Published: 16:14, 28 June 2020
| Updated: 18:58, 30 June 2020
A father says he has lost faith in police investigating the deaths of his daughter and her half-sister amid claims officers posed for selfies next to their bodies.
Sisters Nicole Smallman, 27, and Bibaa Henry, 46, are believed to have been stabbed to death by a stranger at Fryent Country Park in Wembley, London, in the early hours of June 6.
Two police officers sent to guard the crime scene are alleged to have taken "non-official and "inappropriate" photos next to the victims before sharing them with a "small number of others" on a Whatsapp group, including members of the public.
They were arrested on Monday by the Independent Office for Police Conduct (IOPC) on suspicion of misconduct in public office.
Senior officers from the Met and the IOPC visited the parents of the victims, Chris and Wilhelmina Smallman, from Ramsgate, to inform them of the allegations and to confirm an independent investigation had been launched.
The probe will also consider whether the officer's actions were "motivated or influenced by race".
But Bibaa’s father, Herman Henry, former boxer, told The Times he had lost faith in the police's ability to trace the killer.
Asked whether he had any confidence in the separate police inquiry into misconduct he added: "No. And I am sickened by what has happened with the police.
"We look up to the police to be better than this."
Mum Wilhelmina, known as Mina, told the BBC the pictures "dehumanised" her daughters.
“This has taken our grief to another place,” she said.
The 63-year-old hit out at the "toxic" met culture, adding: “If ever we needed an example of how toxic it has become, those police officers felt so safe, so untouchable, that they felt they could take photographs of dead black girls and send them on.
“It speaks volumes of the ethos that runs through the Metropolitan Police.”
Scotland Yard said its directorate of professional standards was told last week about allegations that “non-official and inappropriate photographs” had been taken at the murder scene.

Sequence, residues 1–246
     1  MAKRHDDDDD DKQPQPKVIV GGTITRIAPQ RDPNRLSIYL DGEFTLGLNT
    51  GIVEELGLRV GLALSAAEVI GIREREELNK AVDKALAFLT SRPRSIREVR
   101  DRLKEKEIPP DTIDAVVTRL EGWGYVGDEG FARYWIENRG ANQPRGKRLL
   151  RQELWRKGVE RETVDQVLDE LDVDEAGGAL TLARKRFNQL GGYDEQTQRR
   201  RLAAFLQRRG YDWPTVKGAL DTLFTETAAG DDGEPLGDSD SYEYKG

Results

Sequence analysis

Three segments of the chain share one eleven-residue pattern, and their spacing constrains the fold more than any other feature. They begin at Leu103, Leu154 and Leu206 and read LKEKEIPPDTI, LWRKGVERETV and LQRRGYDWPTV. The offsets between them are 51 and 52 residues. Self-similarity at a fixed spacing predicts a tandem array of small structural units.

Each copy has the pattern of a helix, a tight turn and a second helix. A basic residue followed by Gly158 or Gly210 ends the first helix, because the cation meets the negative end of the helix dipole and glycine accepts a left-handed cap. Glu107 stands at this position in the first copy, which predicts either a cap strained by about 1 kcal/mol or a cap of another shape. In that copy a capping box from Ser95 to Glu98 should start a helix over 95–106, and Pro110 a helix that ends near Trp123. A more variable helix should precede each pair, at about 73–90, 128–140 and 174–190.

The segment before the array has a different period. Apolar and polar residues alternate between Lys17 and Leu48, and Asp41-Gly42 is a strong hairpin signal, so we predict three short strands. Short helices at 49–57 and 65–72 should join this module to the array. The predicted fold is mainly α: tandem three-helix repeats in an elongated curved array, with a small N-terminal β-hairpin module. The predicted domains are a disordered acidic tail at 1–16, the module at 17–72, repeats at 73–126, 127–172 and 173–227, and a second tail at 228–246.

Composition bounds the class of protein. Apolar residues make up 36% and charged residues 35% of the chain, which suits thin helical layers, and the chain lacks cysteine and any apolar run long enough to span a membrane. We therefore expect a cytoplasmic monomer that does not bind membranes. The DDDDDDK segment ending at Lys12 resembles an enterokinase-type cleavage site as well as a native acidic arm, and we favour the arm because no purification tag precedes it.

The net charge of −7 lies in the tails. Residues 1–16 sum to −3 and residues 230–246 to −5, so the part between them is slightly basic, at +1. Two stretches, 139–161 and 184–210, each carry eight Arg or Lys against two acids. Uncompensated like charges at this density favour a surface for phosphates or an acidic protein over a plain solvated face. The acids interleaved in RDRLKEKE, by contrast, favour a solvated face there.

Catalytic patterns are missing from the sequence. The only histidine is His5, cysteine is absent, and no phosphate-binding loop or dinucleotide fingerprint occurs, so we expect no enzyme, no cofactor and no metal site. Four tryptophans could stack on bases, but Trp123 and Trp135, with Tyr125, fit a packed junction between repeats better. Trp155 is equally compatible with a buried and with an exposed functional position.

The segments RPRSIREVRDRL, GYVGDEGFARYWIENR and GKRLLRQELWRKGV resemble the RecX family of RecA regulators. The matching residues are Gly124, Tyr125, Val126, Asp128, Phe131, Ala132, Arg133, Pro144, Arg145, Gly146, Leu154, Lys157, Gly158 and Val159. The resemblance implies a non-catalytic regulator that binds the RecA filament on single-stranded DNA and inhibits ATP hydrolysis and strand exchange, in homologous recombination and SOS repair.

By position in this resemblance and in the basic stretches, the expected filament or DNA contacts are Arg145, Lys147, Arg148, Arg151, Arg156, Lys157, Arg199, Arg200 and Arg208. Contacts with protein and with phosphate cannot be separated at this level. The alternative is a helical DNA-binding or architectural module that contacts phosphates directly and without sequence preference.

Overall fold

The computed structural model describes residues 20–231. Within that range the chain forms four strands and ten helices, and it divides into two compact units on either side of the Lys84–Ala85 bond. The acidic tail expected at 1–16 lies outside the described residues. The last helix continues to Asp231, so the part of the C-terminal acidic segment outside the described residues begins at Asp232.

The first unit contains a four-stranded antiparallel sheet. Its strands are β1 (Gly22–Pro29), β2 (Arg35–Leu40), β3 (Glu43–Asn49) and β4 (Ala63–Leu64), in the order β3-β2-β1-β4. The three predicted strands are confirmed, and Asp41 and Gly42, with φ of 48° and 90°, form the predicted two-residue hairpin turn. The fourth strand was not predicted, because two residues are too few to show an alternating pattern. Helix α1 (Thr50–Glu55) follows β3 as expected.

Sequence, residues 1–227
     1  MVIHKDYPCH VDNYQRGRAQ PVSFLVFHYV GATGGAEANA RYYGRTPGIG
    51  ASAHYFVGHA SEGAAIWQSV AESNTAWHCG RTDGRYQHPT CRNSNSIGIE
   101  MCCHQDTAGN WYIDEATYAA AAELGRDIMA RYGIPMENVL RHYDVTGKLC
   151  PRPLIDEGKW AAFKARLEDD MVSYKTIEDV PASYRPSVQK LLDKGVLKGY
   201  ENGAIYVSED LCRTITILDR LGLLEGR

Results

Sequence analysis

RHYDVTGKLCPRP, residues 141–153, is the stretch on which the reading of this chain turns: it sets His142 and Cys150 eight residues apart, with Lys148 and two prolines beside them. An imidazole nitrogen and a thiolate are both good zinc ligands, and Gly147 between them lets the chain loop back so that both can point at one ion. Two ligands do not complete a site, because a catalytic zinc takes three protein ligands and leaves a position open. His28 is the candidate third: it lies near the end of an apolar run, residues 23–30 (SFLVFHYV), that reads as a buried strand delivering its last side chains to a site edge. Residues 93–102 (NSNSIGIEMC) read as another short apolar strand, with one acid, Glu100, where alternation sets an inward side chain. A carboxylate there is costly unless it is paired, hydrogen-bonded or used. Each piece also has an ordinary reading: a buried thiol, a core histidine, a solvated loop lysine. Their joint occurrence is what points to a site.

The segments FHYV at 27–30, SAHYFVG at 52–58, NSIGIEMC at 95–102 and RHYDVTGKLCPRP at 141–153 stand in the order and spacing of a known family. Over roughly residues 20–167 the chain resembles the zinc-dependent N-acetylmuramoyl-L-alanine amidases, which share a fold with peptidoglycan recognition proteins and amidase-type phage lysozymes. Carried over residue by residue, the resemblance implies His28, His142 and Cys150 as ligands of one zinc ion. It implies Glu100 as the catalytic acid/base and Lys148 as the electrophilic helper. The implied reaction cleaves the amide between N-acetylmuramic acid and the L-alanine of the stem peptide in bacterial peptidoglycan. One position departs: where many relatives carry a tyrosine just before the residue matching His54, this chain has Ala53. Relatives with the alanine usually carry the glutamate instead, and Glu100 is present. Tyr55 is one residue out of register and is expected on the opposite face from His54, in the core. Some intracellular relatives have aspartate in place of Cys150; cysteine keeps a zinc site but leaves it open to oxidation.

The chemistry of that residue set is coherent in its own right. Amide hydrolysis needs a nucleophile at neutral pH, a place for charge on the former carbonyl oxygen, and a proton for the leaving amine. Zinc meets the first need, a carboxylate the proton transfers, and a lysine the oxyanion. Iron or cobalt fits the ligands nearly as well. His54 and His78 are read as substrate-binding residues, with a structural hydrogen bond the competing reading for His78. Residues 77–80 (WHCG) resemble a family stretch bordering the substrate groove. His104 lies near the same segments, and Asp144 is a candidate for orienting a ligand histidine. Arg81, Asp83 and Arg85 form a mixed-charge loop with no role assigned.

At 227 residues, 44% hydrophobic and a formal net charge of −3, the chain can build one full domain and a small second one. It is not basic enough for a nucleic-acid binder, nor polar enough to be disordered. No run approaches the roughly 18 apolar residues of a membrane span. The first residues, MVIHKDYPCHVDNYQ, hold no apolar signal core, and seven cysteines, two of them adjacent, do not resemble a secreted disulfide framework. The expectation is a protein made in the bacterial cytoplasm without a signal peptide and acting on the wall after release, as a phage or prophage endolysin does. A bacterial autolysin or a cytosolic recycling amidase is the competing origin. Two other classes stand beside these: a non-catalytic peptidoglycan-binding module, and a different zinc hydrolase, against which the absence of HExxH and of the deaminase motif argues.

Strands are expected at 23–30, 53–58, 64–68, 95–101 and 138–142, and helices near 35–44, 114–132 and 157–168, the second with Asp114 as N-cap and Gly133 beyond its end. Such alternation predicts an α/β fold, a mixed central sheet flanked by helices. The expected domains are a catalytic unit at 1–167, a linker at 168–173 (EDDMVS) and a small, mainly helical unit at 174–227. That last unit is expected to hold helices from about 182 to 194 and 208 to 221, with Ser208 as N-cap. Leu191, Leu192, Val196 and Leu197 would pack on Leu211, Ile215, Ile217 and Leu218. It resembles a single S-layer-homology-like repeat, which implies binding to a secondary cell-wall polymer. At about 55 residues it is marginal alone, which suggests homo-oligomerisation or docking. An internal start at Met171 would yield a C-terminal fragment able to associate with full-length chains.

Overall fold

The IOPC said the Met was “handling matters involving those members of the public who may have received those images" and that it had launched an inquiry.
The watchdog has since confirmed it has launched a separate investigation into the Met's handling of the case.
It will look at how officers dealt with the calls from the sisters' family and friends after they went missing, amid concerns the case was bungled.
Nicole and Bibaa, who lived in Harrow and Brent respectively, were part of a group of people that congregated in the park after 7pm on Friday, June 5, to celebrate the older sister's birthday.
Police say the pair were the only ones who remained at the park at midnight.
“I knew instantly why they didn’t care."
They were reported missing late on Saturday, after failing to return home. No one has been arrested for their murder.
But Mrs Smallman has claimed the police did not immediately respond to initial reports the sisters were missing and co-ordinated her own search operation they weekend they died.
She told the BBC: “I knew instantly why they didn’t care. They didn’t care because they looked at my daughter’s address and thought they knew who she was.
“A black woman who lives on a council estate.”
Commander Paul Brogden said: “I am horrified and disgusted by the nature of these allegations; a sentiment which will be shared by colleagues throughout the organisation.
"If true, these actions are morally reprehensible and anyone involved will be robustly dealt with. I am limited in terms of being able to comment further about the matter at this time in order not to compromise the IOPC investigation.
"This deeply disturbing information will no doubt have created additional trauma for a family who are already grieving the devastating loss of two loved ones.
"I can only start to imagine the impact of this; and I’d like to sincerely apologise to them for this further burden."
Police are appealing for anyone with information to come forward and call on 020 8721 4205 or Crimestoppers 0800 555111.
More by this authorSean Delaney